Crystal Shapes

The predicted morphology of zircon.
(The predicted morphology of zircon.)

Perhaps the most characteristic feature of the crystalline state is the well defined shape or morphology of crystals. What determines the morphologies of crystals? Or, to put it another way, which surfaces will be the most important in the real crystal? Many attempts have been (and are still being) made to answer this question. Here we will look briefly at two approaches: the first is based on the energies of surfaces. Forming surfaces obviously costs energy as bonds are broken when the crystal is cleaved, although some of this energy will be regained when the crystal surface relaxes as described in the previous section. And since we can model surface structures, we can also calculate surface energies. Higher energy surfaces, that is those that cost more in energy terms to make, would be expected to be less important; or, to put it the other way round, those surfaces with low energies will be dominant in the observed crystal morphology. This idea can be put onto a firm quantitative mathematical basis, and allows us to predict crystal morphologies. An example is shown on the below.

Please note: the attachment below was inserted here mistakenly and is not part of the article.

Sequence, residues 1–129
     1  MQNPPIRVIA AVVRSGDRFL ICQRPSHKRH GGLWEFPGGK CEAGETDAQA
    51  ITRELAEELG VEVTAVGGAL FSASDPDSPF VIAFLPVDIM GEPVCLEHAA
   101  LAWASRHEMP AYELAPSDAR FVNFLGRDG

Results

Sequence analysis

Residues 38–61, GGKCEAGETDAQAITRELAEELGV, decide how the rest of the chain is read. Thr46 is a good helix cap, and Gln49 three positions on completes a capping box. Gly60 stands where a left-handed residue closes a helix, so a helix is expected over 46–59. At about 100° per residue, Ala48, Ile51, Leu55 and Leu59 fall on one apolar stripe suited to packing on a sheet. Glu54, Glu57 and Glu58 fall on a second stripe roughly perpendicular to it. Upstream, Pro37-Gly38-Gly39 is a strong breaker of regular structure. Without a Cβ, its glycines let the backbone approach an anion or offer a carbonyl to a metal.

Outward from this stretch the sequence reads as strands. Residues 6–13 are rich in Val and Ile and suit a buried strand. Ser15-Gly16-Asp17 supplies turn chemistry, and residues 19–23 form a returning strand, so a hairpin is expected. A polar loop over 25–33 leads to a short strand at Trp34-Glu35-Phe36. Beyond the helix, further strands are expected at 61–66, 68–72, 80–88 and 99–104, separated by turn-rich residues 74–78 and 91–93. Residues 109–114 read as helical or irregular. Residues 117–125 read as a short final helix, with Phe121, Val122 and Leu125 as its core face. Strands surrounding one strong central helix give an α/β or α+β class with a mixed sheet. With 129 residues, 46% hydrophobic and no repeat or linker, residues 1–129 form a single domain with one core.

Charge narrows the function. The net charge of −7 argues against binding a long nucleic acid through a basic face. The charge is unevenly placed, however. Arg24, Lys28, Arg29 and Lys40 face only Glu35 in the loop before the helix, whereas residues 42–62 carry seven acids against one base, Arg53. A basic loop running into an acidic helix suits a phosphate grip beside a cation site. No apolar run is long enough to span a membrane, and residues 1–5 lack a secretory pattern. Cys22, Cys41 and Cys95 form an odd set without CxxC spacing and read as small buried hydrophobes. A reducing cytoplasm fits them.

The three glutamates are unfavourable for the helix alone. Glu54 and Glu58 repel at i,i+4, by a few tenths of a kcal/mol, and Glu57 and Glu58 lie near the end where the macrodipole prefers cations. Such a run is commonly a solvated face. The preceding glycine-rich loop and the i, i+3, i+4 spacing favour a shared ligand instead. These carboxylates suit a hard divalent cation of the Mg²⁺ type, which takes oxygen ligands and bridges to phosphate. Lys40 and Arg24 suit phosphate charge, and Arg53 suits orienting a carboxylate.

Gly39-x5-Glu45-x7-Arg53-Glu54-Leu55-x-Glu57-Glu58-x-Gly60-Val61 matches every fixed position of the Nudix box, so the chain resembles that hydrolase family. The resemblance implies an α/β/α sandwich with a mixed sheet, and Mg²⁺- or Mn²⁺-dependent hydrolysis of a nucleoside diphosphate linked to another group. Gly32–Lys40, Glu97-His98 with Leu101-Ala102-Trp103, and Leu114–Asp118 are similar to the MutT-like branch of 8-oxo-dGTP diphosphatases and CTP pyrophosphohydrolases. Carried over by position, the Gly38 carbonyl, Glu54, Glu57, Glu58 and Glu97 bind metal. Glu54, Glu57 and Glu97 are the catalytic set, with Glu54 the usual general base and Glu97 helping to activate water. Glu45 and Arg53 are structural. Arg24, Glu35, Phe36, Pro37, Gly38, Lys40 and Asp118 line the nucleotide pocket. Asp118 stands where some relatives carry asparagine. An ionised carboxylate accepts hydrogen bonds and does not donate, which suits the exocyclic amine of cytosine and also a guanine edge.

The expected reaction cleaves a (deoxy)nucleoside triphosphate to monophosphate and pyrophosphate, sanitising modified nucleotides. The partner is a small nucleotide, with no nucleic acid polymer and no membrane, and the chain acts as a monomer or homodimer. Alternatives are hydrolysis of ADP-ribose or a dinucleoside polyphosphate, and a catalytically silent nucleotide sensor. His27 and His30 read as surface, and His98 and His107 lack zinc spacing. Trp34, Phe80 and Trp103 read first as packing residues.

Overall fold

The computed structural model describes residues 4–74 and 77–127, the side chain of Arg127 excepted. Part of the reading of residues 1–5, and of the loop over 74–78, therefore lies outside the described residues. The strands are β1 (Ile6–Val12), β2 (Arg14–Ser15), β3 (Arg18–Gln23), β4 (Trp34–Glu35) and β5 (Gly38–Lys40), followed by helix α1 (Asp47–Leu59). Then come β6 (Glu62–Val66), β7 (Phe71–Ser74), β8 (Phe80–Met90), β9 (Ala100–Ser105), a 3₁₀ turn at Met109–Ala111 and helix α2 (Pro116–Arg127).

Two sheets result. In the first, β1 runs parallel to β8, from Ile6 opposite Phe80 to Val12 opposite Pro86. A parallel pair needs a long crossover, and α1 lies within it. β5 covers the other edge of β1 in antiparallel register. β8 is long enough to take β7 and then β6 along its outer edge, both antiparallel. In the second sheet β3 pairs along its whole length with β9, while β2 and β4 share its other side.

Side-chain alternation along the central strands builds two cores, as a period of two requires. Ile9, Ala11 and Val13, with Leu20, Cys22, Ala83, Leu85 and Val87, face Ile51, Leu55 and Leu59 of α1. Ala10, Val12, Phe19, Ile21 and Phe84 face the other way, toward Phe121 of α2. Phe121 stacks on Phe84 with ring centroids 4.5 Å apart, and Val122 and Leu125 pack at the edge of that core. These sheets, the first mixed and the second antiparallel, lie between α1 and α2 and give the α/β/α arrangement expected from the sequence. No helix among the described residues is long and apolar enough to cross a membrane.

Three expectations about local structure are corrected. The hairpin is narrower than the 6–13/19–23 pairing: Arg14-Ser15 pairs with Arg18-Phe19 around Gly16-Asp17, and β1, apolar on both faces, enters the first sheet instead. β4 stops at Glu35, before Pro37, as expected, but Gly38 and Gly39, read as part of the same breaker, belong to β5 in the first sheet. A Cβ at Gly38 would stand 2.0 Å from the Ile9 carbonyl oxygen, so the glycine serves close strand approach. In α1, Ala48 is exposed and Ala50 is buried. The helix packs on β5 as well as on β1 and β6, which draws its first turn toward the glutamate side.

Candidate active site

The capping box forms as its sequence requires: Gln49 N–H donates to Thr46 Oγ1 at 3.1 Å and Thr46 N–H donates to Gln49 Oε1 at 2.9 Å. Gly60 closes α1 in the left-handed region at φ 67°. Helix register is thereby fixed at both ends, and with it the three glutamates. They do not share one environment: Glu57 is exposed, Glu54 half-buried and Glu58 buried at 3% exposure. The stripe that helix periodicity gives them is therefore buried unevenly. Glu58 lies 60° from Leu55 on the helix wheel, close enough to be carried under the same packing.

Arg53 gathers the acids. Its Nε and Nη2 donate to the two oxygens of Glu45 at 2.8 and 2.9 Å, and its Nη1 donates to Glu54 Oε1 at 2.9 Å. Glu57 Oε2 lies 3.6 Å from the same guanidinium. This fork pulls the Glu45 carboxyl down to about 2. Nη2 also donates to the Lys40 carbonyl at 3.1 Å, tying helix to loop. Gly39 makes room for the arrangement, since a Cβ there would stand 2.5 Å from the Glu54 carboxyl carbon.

An alternative (and often more realistic) approach is to investigate the energies involved in laying down additional layers of atoms onto a pre-existing surface - the so-called 'attachment energy'. We might expect that the higher such an energy, the greater the rate at which atoms will be deposited on that surface. A little thought shows, however, that the surface which is growing rapidly will not be important in the resulting crystal morphology; for as shown schematically on the left, as it grows, it exposes other surfaces. This model would indeed lead us to expect that the prevalence of surface will be inversely dependent on the attachment energy. Once again, the attachment energy can be calculated and the theory can be made quantitative. The image on the left shows resulting predicted morphologies for the case of quartz, which may be compared with the shape of a real quartz crystal. The level of the agreement is gratifying.

An illustration of the kinetic control of crystal morphology.
(An illustration of the kinetic control of crystal morphology.)
The predicted morphology of quartz.
(The predicted morphology of quartz.)

Crystal growth is, however, a highly complex phenomenon and the two approaches described above are only approximate guides to help us understand the possible shapes that crystals might adopt. The study of these and related processes is a very active field in contemporary materials science research.